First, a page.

problem represented by x, or a proof that x L
• Class of problems, s.t. – DTM: Given solution, test for validity efficiently– NDTM: Guess a solution and test for validity
• NDTM has infinitely many parallel processors
NP Complexity Class
• L is set of composite numbers– DTM:
• Given the proof, verify its correctness
• Given proof that x is composite, i.e. x1≥2 and x2 ≥ 2, check if x1x2=x
– NDTM: • Try all possible solutions at once, and identify the
solution in polynomial time• On input x the machine branches to write down guesses
for x1 and x2
– Then deterministically multiplies to test if x1x2=x
• There exists an accepting computation path iff x is composite
Complexity
• Failed to establish lower bounds on resources• Showed that many problems computationally
equivalent– All of them have efficient algorithms or all of them
do not– E.g. failed to determine complexity of finding
satisfying assignment of boolean formula (SAT) or 3COL
– In contrast, established that these problems are computationally equivalent
NP Complete Complexity Class
• Identifies a set of problems that are as hard as NP
• If Any of those problems is easy to solve, then so are all problems in NP
• Demonstrating NP-Completeness of a task is a central tool in indicating hardness of problems
• Showing that a problem is NPC provides evidence to its intractability
NP Complete Complexity Class
• A problem is NP Complete if– It is in NP– Every NP problem is reduced to it in
polynomial time
• L NPC if – L NP
– For every L’ NP, L’ ≤P L
Reducibility
• Language L1 is polynomial-time reducible to language L2
– L1 ≤P L2
• If there exists a polynomial-time computable function f: {0, 1}* → {0, 1}* such that for all x {0, 1}*
x L1 iff f(x) L2•Significance:
– If L2 P and L1 ≤P L2, then L1 P also
Reduction
• Cook’s theorem:– Every decision problem in the class NP
reduces to the Boolean satisfiability problem SAT
SAT
• The first decision problem proved to be NP-complete• Boolean satisfiability problem (SAT) is a decision
problem– Its instance is a Boolean expression with only AND, OR, NOT,
variables, and parentheses– Is there some assignment of TRUE and FALSE values to the
variables that will make the entire expression true
• Any problem that can be reduced to SAT in polynomial time is in NPC
j
m
jii
n
ixCC
11 s.t. ,
SAT
• Non-Deterministic algorithm:– Guess an assignment of the variables– Check if this is a satisfying assignment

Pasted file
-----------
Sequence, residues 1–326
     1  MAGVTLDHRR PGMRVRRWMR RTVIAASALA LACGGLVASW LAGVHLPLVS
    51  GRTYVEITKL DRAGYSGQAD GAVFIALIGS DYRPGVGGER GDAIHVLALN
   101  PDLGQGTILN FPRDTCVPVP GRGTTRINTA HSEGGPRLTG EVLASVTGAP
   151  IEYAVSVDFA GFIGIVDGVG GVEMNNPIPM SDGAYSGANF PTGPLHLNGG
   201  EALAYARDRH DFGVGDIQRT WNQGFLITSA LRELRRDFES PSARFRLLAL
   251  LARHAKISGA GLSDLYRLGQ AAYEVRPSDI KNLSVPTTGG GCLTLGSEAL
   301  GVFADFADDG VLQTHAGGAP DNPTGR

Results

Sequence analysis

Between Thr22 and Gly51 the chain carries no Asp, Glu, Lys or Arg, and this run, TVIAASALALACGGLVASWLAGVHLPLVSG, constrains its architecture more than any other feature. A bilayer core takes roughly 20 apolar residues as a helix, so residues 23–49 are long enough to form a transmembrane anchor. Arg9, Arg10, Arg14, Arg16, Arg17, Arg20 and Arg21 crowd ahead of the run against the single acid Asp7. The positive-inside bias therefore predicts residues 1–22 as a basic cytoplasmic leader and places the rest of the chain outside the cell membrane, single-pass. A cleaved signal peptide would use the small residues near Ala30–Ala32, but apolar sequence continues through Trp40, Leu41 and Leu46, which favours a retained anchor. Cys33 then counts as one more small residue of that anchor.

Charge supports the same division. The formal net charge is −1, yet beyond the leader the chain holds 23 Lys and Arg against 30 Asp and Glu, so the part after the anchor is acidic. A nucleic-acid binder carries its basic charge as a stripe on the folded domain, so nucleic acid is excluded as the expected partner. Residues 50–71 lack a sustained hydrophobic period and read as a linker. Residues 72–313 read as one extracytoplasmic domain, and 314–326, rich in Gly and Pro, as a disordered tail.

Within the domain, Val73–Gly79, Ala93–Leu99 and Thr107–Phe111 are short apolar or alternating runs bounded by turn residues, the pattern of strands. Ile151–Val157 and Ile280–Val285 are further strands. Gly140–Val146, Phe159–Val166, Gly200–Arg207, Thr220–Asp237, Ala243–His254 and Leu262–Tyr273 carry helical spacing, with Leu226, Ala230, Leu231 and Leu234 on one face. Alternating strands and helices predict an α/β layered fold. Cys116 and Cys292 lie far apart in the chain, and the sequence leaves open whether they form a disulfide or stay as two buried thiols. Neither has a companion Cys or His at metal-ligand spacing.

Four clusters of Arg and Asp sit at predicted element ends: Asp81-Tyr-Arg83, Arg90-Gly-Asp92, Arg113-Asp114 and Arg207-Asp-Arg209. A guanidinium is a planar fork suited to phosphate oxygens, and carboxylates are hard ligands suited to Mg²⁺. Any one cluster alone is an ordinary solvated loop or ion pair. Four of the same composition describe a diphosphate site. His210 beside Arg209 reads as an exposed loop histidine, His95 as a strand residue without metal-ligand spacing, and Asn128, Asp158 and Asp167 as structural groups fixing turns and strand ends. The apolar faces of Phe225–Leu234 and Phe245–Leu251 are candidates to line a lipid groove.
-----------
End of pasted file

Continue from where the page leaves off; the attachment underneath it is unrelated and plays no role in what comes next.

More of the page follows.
• Deterministic algorithm– Given an assignment, check if satisfying
• Time for n variables: – Guess an assignment of the variables O(n)– Check if this is a satisfying assignment O(n)– Total time: O(n)
The satisfiability problem is an NP Complete Problem
Theorem: NP-Completeness
• If any NP-complete problem is polynomial-time solvable, then P = NP!– If L NPC and we can find a DTM accepting L in
polynomial time (so that L P ), then P = NP– All the problems in NP would have polynomial
deterministic solutions!
• Equivalently, if any problem in NP is not polynomial-time solvable, then no NP-complete problem is polynomial-time solvable– If we prove that we cannot solve an NP-Complete
problem in Deterministic Polynomial Time, then we know: P ≠ NP
Proof: NP-Completeness
• Let L P and L NPC– For any L′ NP, L′≤P L
• By definition of NP-completeness
– Therefore, L′ P
P, NP, NPC Complexity Hierarchy
P
Primes
NP
NPC
• SAT
Cryptography and Complexity
Basing cryptography on complexity
theoretic assumptionsRandomnessInteraction
Complexity Theory• Study the resources
required to solve computational tasks – time, space(memory)
• Understanding relations between complexity phenomena
• Provides new perspective on various concepts
Cryptography• Specify security
requirements of systems
• Use the computational infeasibility of problems to obtain security
• Almost any cryptographic task requires using this idea
These disciplines are connected!
Cryptography and Complexity
Cryptography
• Study of systems that are easy to use, but hard to abuse
• Crypto systems involve– Secrets– Randomness– Interaction – Complexity gap
• Between proper usage by legitimate parties and infeasibility of causing systems deviate from prescribed functionality
Cryptography is Based on Complexity Theoretic
Assumptions• Transformations of simple primitives, e.g.
One Way Functions into complex constructions, e.g. encryption schemes
• Intractability of NPC problems is based on hardest instances– But, some problems are easy on average
• Breaking crypto-system must be hard for almost all instances and not just some of them– For cryptography, use average case
complexity analysis
Randomness
Pseudo-Random Generators (PRG)
Randomness and Intractability
• Complexity defines objects as equivalent if they cannot be told apart by efficient observer
• Coin toss is random if it is infeasible to predict the outcome
• A distribution is random if it is infeasible to distinguish from uniform distribution
• Randomness is expandable– Random strings can be expanded into longer
pseudo random strings